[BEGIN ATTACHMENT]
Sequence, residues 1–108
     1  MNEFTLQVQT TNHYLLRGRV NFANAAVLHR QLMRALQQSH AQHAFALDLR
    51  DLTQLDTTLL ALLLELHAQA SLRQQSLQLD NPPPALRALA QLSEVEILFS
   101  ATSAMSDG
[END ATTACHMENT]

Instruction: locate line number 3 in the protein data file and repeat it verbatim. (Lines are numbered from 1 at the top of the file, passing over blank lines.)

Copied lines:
    51  DLTQLDTTLL ALLLELHAQA SLRQQSLQLD NPPPALRALA QLSEVEILFS